Fallout 76's new boss fight will literally scare your characters into fleeing

(Image credit: Bethesda)

At QuakeCon 2020, which is naturally taking place online only, we got a look at the upcoming Fallout 76 boss fight event called A Colossal Problem. The boss fight (available on test servers now, though it's been delayed for the general population) takes place in an 8-player instance you can enter once Monongah mine has been nuked.

There are lots of dangers in the irradiated mine. The Wendigo boss itself, obviously, but also the swarms of its minions and the occasional cave collapse that can smoosh you under a pile of rocks. But there's also something new to fear, and that's fear itself.

The fearsome Wendigo Colossus can issue a piercing cry that will literally scare your characters and cause them to simply run away in fear. Have a look at some clips of the fear system in action below.

It's pretty funny to watch, actually, though perhaps less amusing if you're currently being swarmed by crowds of mutants.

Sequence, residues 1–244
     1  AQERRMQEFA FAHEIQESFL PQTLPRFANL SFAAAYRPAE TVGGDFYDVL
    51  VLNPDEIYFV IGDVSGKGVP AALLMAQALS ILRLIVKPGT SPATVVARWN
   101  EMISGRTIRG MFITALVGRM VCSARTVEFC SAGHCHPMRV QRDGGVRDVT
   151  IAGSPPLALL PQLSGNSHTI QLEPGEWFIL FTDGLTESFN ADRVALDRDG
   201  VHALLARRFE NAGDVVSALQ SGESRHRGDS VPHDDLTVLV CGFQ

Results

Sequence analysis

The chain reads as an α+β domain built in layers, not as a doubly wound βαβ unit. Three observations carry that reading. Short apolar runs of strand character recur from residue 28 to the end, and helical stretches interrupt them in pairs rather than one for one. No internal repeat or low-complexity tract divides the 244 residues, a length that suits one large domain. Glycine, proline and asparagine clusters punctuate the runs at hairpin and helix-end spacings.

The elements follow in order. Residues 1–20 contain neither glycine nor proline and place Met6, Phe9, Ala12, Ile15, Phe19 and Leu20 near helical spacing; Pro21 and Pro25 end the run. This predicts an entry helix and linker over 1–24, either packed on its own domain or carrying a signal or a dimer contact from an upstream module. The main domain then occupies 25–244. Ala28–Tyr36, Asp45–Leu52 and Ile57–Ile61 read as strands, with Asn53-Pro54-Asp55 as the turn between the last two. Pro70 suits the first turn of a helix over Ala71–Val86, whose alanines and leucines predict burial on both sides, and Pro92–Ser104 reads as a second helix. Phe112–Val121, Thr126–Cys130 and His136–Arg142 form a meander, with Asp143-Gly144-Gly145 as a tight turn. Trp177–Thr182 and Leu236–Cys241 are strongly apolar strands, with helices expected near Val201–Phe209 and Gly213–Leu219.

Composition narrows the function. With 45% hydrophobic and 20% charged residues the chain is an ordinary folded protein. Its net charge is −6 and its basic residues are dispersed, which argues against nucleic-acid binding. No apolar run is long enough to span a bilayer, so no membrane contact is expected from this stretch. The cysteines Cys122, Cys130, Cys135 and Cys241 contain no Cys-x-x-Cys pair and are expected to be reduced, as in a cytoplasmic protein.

While the effect doesn't appear to last all that long, the key takeaway is that you have no control over where your character runs. You can run into a cluster of irradiated barrels and start taking damage. You can run into a crowd of enemies. You can even run into a massive rotating drill that's still operational down in the mine. That is one scary Wendigo if it can convince that you sprinting full-tilt into a giant spinning drill is a good idea.

The new fear system means this boss fight will be even harder to win, but you're not without some help. Due to the extreme durability of the Wendigo Colossus—it is indeed a very bullet-spongey boss—there's another new feature in the event. Killing lesser Wendigo spawns in the mine comes with a chance to replenish your ammo when you loot their corpses. So hopefully, among all the other horrors, you won't run out of ammo.

And if you're successful, you can walk away with a hideously lovely reward: A Wendigo Colossus rug for your base. Have a look at it below. It's quite the conversation starter for the next time you have friends over for some Nukashine.

Christopher Livingston
Senior Editor

Chris started playing PC games in the 1980s, started writing about them in the early 2000s, and (finally) started getting paid to write about them in the late 2000s. Following a few years as a regular freelancer, PC Gamer hired him in 2014, probably so he'd stop emailing them asking for more work. Chris has a love-hate relationship with survival games and an unhealthy fascination with the inner lives of NPCs. He's also a fan of offbeat simulation games, mods, and ignoring storylines in RPGs so he can make up his own.